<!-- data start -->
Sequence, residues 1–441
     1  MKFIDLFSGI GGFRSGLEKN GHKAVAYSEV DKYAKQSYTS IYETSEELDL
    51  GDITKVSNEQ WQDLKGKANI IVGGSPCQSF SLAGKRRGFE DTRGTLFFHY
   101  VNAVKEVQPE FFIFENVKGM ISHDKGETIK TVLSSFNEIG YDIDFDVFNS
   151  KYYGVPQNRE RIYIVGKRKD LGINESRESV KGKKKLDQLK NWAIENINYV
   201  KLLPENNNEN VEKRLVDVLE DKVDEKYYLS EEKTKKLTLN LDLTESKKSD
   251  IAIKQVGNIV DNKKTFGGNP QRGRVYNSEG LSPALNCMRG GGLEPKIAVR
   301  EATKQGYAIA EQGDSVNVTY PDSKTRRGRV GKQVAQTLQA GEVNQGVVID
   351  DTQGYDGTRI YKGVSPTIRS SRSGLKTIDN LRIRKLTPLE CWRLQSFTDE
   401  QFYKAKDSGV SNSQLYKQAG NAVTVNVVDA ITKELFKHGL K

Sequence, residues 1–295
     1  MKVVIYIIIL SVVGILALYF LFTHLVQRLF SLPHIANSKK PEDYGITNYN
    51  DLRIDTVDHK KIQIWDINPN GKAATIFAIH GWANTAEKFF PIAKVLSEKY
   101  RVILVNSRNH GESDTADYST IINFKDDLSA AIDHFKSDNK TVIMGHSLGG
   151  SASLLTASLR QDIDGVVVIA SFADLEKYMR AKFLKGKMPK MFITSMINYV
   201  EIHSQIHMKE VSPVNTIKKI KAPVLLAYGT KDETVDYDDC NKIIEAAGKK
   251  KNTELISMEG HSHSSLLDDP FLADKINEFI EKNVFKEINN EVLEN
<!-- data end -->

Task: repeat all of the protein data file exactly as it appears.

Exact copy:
Sequence, residues 1–441
     1  MKFIDLFSGI GGFRSGLEKN GHKAVAYSEV DKYAKQSYTS IYETSEELDL
    51  GDITKVSNEQ WQDLKGKANI IVGGSPCQSF SLAGKRRGFE DTRGTLFFHY
   101  VNAVKEVQPE FFIFENVKGM ISHDKGETIK TVLSSFNEIG YDIDFDVFNS
   151  KYYGVPQNRE RIYIVGKRKD LGINESRESV KGKKKLDQLK NWAIENINYV
   201  KLLPENNNEN VEKRLVDVLE DKVDEKYYLS EEKTKKLTLN LDLTESKKSD
   251  IAIKQVGNIV DNKKTFGGNP QRGRVYNSEG LSPALNCMRG GGLEPKIAVR
   301  EATKQGYAIA EQGDSVNVTY PDSKTRRGRV GKQVAQTLQA GEVNQGVVID
   351  DTQGYDGTRI YKGVSPTIRS SRSGLKTIDN LRIRKLTPLE CWRLQSFTDE
   401  QFYKAKDSGV SNSQLYKQAG NAVTVNVVDA ITKELFKHGL K

Sequence, residues 1–295
     1  MKVVIYIIIL SVVGILALYF LFTHLVQRLF SLPHIANSKK PEDYGITNYN
    51  DLRIDTVDHK KIQIWDINPN GKAATIFAIH GWANTAEKFF PIAKVLSEKY
   101  RVILVNSRNH GESDTADYST IINFKDDLSA AIDHFKSDNK TVIMGHSLGG
   151  SASLLTASLR QDIDGVVVIA SFADLEKYMR AKFLKGKMPK MFITSMINYV
   201  EIHSQIHMKE VSPVNTIKKI KAPVLLAYGT KDETVDYDDC NKIIEAAGKK
   251  KNTELISMEG HSHSSLLDDP FLADKINEFI EKNVFKEINN EVLEN